Where the length of the duct comes in is that, although TL enclosure design has historically been “iffy”, and nowhere near as easily predictable or formulable as some other kinds of enclosure, one quarter of the wavelength of the fundamental resonance of the driver has been a pretty common choice and can provide the same kind of enhancement that port and box resonances do in bass-reflex designs. The difference is that it is not a resonant effect, but, by matching duct length to frequency, it allows for optimum driver loading, minimum enclosure resonance, and minimum acoustic impedance at the vent, for reduced back wave reflection back to the diaphragm and improved coupling to the air outside the enclosure. To give you some idea of what that length might be, if the driver’s woofer cone diameter is nominally 12 inches and its resonance is 33 Hz (fairly typical for a 12″ unit) and the speed of sound is 1125 feet per second, the necessary length of the duct by this standard can easily be calculated as (about) 8 ½ feet (1125’÷33Hz ÷4 = 8.523′).
Although the critical thing about the duct is its length, other aspects of it do matter. For example, it’s almost always stuffed (to a greater or lesser degree, depending on the specific type of TL, the materials chosen, and how they’re applied) with one or more kinds of damping materials (Dacron, long-fiber wool, etc. are common choices). The purpose of this is to absorb all but bass frequencies and to reduce or eliminate both unwanted cabinet resonances and unwanted upper frequencies that might interfere with the other (non-bass) aspects of the sound that gets to the listener’s ear.
The other type of transmission -line enclosure also uses a long duct for the back wave and that duct is also stuffed with damping material. Where it differs is that the duct may or may not be vented to the open air because its intent is not to pass, but to, as completely as possible, absorb the back wave from the driver.
As one source puts it, “The enclosure behaves like an infinite baffle, potentially absorbing most or all of the speaker unit’s rear energies. A theoretically perfect TL would absorb all frequencies entering the line from the rear of the drive unit but remains theoretical, as it would have to be infinitely long.” That’s where the “leaky box” comparison with the resistive port enclosure comes in: With an open-vent transmission-line, even though almost all of the back wave is absorbed, the enclosure can be designed so that the remaining energy is all in the lowest frequencies – the ones the duct is not long enough to absorb – and can, with an open vent, be used, as with the other type of TL, to augment the front wave sound.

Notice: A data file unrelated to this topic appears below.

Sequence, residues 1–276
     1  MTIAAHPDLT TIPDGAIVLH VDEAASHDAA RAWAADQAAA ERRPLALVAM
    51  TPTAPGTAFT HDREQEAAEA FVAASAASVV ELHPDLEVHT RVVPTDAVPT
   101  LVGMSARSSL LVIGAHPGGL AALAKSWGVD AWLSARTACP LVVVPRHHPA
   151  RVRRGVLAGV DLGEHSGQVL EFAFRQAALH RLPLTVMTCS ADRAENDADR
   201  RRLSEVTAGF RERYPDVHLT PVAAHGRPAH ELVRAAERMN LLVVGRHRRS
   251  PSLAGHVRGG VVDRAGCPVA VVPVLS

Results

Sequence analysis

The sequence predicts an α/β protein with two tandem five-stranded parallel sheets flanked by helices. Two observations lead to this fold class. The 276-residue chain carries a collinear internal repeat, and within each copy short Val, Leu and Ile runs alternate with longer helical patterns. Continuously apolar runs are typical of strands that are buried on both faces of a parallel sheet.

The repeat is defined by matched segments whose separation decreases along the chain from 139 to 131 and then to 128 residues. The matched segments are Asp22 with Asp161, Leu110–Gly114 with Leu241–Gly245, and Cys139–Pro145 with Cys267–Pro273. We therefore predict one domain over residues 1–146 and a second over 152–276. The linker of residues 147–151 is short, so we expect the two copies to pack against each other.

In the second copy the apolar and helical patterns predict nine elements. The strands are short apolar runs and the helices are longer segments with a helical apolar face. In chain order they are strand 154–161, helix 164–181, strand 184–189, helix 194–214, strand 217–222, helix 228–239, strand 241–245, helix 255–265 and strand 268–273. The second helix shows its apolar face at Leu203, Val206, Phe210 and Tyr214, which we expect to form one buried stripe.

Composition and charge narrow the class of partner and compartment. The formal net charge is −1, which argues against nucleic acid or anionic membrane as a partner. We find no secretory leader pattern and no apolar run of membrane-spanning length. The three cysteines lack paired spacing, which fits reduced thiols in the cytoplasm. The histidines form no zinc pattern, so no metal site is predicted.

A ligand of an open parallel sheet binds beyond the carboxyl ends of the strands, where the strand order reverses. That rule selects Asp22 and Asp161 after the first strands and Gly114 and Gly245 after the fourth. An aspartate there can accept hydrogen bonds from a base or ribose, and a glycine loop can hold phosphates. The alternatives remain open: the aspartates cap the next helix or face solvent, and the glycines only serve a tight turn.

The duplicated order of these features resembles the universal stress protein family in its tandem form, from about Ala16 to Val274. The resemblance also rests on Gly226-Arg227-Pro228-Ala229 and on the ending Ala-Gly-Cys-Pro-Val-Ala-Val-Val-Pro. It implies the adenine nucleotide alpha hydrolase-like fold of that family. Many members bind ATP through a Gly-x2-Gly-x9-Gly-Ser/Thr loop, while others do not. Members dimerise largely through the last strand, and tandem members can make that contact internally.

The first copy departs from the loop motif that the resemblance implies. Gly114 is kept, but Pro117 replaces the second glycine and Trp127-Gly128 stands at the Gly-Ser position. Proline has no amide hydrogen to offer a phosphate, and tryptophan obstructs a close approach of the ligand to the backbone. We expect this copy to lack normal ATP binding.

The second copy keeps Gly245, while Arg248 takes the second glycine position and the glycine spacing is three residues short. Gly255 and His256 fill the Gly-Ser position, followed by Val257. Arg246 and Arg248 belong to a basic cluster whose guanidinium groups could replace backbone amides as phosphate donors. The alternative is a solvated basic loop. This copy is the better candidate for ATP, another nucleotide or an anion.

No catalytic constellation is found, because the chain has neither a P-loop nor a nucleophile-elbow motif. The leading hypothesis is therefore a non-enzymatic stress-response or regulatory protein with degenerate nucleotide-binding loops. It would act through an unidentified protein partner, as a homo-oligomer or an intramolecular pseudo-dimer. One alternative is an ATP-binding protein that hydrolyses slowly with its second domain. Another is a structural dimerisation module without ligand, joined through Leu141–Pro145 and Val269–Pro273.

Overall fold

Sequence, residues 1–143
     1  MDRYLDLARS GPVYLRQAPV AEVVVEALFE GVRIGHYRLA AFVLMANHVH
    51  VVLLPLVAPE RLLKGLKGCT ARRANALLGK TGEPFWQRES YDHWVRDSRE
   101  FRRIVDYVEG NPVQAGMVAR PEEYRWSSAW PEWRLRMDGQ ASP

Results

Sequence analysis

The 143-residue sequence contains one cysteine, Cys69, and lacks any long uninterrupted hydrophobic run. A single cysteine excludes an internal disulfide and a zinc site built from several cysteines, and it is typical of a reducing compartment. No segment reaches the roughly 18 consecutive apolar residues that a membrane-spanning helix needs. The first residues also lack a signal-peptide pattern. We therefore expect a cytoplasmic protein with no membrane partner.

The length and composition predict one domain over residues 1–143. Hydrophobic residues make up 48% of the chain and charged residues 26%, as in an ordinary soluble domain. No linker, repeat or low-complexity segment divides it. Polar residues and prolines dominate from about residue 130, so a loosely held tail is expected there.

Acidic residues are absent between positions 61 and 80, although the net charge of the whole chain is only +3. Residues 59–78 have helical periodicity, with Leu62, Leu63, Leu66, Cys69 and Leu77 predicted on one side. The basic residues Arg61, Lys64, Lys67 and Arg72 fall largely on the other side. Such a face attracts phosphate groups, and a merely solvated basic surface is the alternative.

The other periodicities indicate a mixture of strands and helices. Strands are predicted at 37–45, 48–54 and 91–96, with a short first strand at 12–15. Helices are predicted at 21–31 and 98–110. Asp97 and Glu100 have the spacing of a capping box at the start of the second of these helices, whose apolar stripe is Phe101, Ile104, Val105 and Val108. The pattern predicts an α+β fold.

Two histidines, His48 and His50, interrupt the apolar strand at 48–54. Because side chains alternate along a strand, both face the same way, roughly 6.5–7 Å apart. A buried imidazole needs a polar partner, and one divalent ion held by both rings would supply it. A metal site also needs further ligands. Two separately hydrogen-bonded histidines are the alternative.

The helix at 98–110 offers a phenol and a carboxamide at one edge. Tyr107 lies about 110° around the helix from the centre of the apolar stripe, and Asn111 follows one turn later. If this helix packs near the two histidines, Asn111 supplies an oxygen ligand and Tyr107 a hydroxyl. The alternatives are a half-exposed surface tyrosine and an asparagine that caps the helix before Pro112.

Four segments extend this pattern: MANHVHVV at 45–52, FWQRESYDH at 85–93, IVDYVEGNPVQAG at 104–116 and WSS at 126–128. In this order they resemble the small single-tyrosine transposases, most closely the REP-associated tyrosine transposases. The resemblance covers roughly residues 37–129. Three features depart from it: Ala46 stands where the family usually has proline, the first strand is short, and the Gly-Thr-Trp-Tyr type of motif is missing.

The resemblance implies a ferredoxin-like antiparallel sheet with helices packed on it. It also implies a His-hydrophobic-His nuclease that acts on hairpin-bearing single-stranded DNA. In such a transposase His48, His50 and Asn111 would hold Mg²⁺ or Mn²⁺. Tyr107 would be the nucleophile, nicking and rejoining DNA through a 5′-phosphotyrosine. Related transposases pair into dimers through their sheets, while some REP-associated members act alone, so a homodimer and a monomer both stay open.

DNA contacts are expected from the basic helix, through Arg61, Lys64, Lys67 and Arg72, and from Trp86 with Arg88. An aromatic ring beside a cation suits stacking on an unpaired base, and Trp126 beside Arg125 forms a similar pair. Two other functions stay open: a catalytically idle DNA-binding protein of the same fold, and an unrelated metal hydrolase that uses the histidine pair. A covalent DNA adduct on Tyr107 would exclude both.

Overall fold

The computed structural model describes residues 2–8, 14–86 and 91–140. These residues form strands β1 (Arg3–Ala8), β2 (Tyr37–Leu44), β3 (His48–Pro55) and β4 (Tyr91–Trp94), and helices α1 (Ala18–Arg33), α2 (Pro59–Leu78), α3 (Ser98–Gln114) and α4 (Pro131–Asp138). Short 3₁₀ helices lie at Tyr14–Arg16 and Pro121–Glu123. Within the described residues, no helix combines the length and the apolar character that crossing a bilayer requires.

One famous subwoofer, the Shahinian “Contrabombarde“, designed by Stewart Hegeman (the same man who invented the omnidirectional speaker and designed Harman-Kardon’s original “Citation” series electronics) used just two 8″ woofers in a double open-ended transmission-line setup (two side-by-side transmission lines in the same box with output only through the vents), that was claimed to be “flat” to 17Hz and (as told to me by Skip Weshner, who was my friend and a tight buddy of Hegeman) to have usable, and possibly even “world-destroying” bass down to 8Hz.
As I remember it, the Contrabombarde used two different lengths (and thus two different tunings) for its transmission lines, which allowed it to TL load both the front and back waves off its drivers so that the sound from both came out in-phase and hugely powerful at the vents. A similar “load-both-sides-of -the-driver” approach has been taken by no less than Bose, and is mightily impressive. I’ll tell you about it and other things next time.
See you then!